In that mix, people are starting to like Randle's odds to be a regular player in this offense. Head coach Doug Pederson seems to be pleased with the veteran presence the offseason addition brings to the table as well.

Again, we stress that it's very early into camp, and this is no slight against the other receivers on the roster, but Randle's stock has been on the rise seemingly since the day he signed with the Eagles.

Photo: Kobe Bryant's high school point guard gets limber in Philly

evster.jpeg

Photo: Kobe Bryant's high school point guard gets limber in Philly

Lower Merion High School alum and current writer for The700Level.com -- an adult male who goes by the name "Evster" -- stretches to avoid tearing a hammy before a pickup game of basketball at a playground in the Graduate Hospital neighborhood of Philadelphia. His team lost. (The700Level Photo)

Frank Reich learning from Doug Pederson, adjusting to new system with Eagles

Frank Reich learning from Doug Pederson, adjusting to new system with Eagles

Despite rain forcing the Eagles’ first full-squad practice of training camp inside, new offensive coordinator Frank Reich liked what he saw out of his offense.
 
Speaking to reporters after practice at the NovaCare Complex on Thursday, Reich was pleased with how the offense’s preparation off the field translated during practice.
 
“Overall, what we’re happy about is how you take it from the meeting room to the field and minimize the errors. Make plays that are there,” Reich said. “There were very few mental errors. [The offense] looked sharp today.”
 
Before coming to Philadelphia this offseason, Reich spent the past two seasons as the Chargers’ offensive coordinator.
 
Joining a new coaching staff means learning a new system, and Reich has noticed some unique aspects of head coach Doug Pederson’s offensive attack.
 
“This West Coast-hybrid system obviously has a very long winning track record,” Reich said. “How it’s adapted in the run game now with some of the zone-read stuff and all the different ways you can scheme wide receiver throws, when you get a heavy box, I think that’s what Doug did really well in Kansas City.
 
“Of course, I went up against it six times in three years playing against that team (with the Chargers), so I saw it firsthand,” Reich said. “It’s fun now to be on the other side of that.”
 
Now working alongside Pederson, Reich thinks what the Eagles were able to do this offseason to build a talented roster was huge for what they’re trying to accomplish.
 
“Every time we had a chance to get something done from a personnel standpoint, we got it done," Reich said. "So that fires you up as a coach."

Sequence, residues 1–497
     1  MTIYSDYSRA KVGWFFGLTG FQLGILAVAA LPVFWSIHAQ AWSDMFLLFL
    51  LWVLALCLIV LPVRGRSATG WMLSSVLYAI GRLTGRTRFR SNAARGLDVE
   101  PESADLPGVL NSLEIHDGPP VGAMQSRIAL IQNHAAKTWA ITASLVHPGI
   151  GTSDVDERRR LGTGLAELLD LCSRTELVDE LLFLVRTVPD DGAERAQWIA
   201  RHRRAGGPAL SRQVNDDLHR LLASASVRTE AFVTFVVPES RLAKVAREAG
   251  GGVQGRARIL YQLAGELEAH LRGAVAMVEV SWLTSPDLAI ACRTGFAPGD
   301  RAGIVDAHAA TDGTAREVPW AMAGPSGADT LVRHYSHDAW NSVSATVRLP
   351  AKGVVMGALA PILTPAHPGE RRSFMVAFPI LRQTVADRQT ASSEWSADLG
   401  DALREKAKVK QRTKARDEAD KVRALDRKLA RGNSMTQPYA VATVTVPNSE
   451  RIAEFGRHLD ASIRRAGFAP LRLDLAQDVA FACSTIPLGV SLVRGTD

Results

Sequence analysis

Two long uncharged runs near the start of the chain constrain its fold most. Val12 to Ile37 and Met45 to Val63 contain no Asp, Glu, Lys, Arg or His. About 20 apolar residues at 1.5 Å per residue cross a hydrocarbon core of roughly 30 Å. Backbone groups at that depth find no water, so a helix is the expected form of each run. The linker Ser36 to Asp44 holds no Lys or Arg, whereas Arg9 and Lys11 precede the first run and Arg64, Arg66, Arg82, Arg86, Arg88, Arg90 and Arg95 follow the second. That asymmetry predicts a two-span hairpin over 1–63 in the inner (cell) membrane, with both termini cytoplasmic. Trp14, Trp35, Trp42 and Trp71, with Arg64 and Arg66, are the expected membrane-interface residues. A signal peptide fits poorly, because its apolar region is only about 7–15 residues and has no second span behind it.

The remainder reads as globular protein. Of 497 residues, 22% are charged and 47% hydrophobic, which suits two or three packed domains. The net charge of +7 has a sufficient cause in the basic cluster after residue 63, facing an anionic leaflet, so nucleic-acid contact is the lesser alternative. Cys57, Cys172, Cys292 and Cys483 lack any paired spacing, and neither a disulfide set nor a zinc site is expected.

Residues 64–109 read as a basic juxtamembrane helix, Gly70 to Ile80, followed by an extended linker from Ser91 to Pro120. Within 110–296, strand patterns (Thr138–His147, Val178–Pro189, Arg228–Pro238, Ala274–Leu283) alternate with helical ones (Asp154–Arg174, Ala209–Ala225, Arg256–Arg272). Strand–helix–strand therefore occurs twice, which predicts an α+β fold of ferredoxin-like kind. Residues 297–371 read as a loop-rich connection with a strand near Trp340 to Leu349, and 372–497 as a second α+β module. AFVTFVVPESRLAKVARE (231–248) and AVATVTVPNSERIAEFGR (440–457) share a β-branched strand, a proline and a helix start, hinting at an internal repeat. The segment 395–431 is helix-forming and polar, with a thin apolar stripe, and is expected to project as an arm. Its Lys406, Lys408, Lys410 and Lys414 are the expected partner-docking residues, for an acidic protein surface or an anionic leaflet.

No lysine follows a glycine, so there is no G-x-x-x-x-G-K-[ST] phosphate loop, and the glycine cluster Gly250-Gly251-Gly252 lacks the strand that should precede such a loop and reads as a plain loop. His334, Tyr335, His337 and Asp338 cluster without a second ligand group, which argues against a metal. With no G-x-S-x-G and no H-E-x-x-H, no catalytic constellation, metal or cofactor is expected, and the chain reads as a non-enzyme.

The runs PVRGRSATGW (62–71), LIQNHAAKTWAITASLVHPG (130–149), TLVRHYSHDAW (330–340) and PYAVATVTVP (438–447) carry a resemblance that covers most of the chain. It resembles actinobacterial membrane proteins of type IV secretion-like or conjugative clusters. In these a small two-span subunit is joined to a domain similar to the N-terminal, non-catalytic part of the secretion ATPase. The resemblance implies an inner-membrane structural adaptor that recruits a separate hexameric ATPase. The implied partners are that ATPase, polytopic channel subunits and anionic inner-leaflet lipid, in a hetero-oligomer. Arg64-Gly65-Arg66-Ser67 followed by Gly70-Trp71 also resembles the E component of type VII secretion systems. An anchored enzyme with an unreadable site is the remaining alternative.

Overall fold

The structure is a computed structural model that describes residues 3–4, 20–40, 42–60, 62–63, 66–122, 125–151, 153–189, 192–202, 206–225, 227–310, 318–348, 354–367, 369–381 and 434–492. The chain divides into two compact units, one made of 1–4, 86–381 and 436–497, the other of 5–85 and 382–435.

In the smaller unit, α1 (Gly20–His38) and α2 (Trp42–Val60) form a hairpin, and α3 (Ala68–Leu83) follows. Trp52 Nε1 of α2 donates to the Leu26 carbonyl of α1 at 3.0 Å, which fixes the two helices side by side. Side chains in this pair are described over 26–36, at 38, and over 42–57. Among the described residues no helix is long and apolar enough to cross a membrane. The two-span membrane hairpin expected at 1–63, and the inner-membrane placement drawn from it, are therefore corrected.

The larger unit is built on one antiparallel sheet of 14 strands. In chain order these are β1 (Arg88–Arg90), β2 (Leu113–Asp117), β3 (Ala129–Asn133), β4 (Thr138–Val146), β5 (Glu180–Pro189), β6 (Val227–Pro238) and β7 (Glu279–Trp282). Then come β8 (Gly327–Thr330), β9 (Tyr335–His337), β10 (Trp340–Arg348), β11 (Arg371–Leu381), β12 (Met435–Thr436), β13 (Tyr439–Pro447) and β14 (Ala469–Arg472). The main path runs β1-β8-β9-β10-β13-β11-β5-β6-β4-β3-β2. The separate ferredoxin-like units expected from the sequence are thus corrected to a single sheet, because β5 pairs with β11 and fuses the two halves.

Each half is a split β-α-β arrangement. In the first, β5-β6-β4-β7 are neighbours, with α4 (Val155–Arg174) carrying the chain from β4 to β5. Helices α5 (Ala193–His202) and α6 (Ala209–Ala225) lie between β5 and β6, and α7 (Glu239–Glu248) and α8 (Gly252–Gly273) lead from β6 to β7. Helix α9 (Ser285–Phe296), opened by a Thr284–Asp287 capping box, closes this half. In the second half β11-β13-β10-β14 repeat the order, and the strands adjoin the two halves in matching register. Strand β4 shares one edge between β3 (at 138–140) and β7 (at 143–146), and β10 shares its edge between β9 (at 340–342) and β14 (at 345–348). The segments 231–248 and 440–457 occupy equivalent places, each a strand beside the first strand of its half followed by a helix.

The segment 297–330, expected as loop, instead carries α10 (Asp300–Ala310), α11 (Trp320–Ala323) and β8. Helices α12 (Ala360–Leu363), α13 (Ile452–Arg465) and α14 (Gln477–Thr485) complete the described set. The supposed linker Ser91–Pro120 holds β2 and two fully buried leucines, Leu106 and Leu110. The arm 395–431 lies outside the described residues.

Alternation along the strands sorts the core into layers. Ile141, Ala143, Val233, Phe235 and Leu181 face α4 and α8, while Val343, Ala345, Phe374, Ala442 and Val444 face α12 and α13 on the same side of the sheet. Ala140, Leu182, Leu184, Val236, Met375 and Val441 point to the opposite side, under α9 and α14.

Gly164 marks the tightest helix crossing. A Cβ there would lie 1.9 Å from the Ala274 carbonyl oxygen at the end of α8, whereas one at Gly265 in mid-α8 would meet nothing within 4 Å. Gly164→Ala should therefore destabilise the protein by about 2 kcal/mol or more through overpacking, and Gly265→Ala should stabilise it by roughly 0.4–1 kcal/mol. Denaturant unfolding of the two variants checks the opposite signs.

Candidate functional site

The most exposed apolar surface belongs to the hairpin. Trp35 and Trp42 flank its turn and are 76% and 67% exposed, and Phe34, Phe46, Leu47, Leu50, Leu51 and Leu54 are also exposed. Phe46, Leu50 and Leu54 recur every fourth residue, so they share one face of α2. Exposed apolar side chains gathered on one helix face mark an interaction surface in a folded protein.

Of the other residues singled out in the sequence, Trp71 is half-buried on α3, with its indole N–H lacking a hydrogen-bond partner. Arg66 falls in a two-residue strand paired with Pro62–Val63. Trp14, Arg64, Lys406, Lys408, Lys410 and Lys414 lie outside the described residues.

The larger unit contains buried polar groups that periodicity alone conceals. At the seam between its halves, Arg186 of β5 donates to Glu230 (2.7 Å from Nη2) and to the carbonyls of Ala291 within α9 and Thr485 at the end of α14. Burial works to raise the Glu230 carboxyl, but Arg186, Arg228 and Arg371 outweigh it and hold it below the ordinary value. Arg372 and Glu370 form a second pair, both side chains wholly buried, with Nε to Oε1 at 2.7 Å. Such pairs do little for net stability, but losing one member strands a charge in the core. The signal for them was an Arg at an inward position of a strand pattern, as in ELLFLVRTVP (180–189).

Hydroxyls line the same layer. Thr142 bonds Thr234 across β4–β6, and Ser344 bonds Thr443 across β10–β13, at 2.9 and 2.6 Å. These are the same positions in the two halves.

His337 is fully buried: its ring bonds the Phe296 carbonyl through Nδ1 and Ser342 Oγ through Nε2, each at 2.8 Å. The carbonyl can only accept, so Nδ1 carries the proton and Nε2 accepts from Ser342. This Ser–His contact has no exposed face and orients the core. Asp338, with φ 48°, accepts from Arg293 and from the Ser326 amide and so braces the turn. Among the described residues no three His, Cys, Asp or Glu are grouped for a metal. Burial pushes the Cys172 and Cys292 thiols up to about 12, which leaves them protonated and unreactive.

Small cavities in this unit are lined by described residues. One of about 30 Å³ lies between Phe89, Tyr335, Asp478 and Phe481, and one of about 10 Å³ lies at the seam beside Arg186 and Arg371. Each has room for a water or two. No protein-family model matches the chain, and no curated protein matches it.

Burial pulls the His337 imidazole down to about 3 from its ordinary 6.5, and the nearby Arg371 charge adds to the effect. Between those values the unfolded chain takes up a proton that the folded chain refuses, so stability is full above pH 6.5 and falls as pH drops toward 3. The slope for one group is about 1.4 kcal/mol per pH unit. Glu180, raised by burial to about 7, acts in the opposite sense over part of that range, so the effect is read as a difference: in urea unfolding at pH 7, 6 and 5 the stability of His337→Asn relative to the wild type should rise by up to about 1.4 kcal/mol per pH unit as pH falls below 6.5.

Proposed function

One of those moves was trading up to draft quarterback Carson Wentz with the second overall pick in April’s draft. Although he was running the third-team offense Thursday (see Day 4 notes), Wentz stood out, making some good throws and ending the day with a deep completion across the field.
 
Reich took notice and was encouraged by the rookie’s performance, but he and the rest of the Eagles’ coaching staff are focused on the team as a whole as opposed to just one player.
 
“We’re eager to see how we develop as a team first and foremost, and certainly that’s going to include great individual performances and days,” Reich said.
 
With a new coaching staff in place, Reich isn’t the only one adjusting to a new situation. Starting quarterback Sam Bradford, who had to learn former head coach Chip Kelly’s system last season, is getting used to Pederson’s offense this time around.
 
“I’ve seen a lot of football, I’ve seen a lot of different systems,” Bradford said after practice Thursday. “Obviously, this one’s new. It’s different, but I think there’s some carryover from some past systems that I’ve been in, so it’s nice to know that everything isn’t brand new and there are some things that are familiar.”
 
Bradford and Wentz are adapting together to the Eagles' new offense. Fellow quarterback Chase Daniel is more familiar with it, having studied and played in Pederson’s offense with the Chiefs. But Reich knows it’s been a learning process for the Eagles’ quarterback group.
 
“The guys have learned it real fast, they’ve studied it hard and they feed off of each other. They challenge each other,” he said. “I give them a lot of credit, they’ve picked it up very quickly.”
 
In terms of fulfilling his own role as a coach on Pederson’s staff, Reich is dedicated to going along with how Pederson runs the team.
 
“You commit yourself to whatever way the head coach wants to do it,” Reich said. “It’s been a really good thing for me as a coach learning from him.”